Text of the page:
Another book in a series that uses pop culture to spark discussion of philosophical ideas and subjects (see my reviews of Lost and Philosophy and Monty Python and Philosophy). This one focuses on the Harry Potter books, up to Order of the Phoenix (the last two Potter books had not been published when this book was).

I found this book a little easier to follow than the others in the series I'd read. This is partly because the Potter books are aimed at teen readers, so the philosophers who contribu
Jul 21, 2009 rated it liked it  ·  review of another edition
Another installment in the "[insert pop culture icon:] and Philosophy" series, this is a compilation of essays on philosophy, examined through analysis of and as exemplified by the Harry Potter series. Of the three books in this series I've read this one has been the strongest. I'm not sure if that's the luck of the draw, or because the focus of the other two I read (Monty Python & The Simpsons) were satire and Harry Potter isn't. The essays are sorted into the sections reflecting the four h ...more
May 10, 2016 rated it did not like it  ·  review of another edition
This book sucks. Seriously the authors don't go directly to the point they want to make and instead repeat things that they've said before, making it confusing to understand. The authors also have a great lack of grammar skills, and they really need a lot of commas. It seems like they tried to get a really good thing going on, but it sounds confusing and repetitive. Another problem that many of my classmates found was that the authors were not well informed of the things that previous expects ha ...more
Sophie Errington
I enjoy Harry Potter and I enjoy Philosophy, put them together and what have you got?

The structure of the articles into different houses based off the theme the article takes is very good because you could easily go back and find the specific article you found interesting.

However I did find myself leaning more towards the Slytherin and Ravenclaw chapters and one article within Gryffindor because the specific topics of evil, free will and ignorance really appealed to me. The other articles I didn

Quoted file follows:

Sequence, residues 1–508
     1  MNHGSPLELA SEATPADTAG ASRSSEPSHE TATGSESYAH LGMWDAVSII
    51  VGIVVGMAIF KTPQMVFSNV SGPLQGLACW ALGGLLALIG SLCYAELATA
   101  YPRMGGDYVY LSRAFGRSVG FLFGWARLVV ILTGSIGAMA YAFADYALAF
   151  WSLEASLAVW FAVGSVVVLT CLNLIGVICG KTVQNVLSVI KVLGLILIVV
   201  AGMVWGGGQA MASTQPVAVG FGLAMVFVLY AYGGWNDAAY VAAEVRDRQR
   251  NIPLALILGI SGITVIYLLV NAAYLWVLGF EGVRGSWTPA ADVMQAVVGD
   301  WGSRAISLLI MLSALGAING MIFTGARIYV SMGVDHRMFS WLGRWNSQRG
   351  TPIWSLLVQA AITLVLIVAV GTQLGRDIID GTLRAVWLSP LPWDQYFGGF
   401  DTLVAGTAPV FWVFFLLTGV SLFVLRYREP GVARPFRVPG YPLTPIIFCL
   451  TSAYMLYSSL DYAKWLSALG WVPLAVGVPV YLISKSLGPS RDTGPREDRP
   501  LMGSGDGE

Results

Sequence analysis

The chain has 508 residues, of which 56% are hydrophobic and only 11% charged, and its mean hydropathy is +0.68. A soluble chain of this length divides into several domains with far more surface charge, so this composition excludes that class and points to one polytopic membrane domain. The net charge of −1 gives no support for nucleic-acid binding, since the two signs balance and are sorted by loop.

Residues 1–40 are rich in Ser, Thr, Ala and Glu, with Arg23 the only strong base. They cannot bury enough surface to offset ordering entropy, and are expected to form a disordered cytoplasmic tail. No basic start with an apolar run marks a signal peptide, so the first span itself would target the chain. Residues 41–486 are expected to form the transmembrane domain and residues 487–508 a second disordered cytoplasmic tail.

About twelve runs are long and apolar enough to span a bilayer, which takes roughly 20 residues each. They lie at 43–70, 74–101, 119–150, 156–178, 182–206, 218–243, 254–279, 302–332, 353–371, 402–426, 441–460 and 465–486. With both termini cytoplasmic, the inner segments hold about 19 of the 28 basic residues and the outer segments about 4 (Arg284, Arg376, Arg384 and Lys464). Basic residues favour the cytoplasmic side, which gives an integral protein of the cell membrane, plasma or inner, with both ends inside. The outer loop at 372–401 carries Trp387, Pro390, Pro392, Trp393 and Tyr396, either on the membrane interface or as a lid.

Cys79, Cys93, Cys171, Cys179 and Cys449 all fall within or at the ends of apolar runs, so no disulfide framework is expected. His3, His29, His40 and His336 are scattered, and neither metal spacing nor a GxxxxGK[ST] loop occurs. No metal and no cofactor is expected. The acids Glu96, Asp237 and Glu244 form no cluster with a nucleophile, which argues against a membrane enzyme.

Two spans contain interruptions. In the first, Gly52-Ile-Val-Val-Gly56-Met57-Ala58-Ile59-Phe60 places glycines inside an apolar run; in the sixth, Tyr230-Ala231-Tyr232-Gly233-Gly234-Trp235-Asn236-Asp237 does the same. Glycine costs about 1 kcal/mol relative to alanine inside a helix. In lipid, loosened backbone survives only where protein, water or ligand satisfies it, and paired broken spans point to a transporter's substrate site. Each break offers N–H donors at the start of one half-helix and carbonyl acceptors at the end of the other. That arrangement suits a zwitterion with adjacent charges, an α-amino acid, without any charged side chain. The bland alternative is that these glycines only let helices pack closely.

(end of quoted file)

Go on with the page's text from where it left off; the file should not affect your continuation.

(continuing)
Oct 30, 2012 rated it it was amazing  ·  review of another edition
C.S. Lewis once said, "A children's story that can only be enjoyed by children is not a good children's story in the slightest." And so, the Harry Potter series not only contains good children's stories, but also great lessons and assessments of life. The authors and editors of this book (huge HP fans themselves)flesh out the extraordinary acts and ordinary truths within the series, revealing wisdom and inspiration equated with Aristotle and Kant's philosophies. The virtue of ambition, the neces ...more
Jan 04, 2012 rated it it was ok  ·  review of another edition
Not anywhere as interesting as the premise would have to you think it should be. Amusingly all of the very interesting discussions were in the very back portion which was labeled Ravenclaw. I think the book and the essays suffer from having been written after Order of the Phoenix came out and not after the Deathly Hallows. Some of the premises about what certain things mean in the context of the wizarding world and the story are rendered incorrect by the last two books in the series. It's an int ...more
Oct 05, 2012 rated it really liked it  ·  review of another edition
A great collection of essays addressing such topics as whether the Slytherins have a place at Hogwarts, why we should abide by Dumbledore's warning about the Mirror of Erised, how prophecy relates to life and free will, and much more. As in every collection, there were a few duds, and again, I wish this series had a better fact checker (Harry DID NOT blow up Aunt Marge in Chamber of Secrets, nor are they Bernie Botts' Beans), because small errors like this cheapen the overall point being made by ...more
Sep 10, 2015 rated it liked it  ·  review of another edition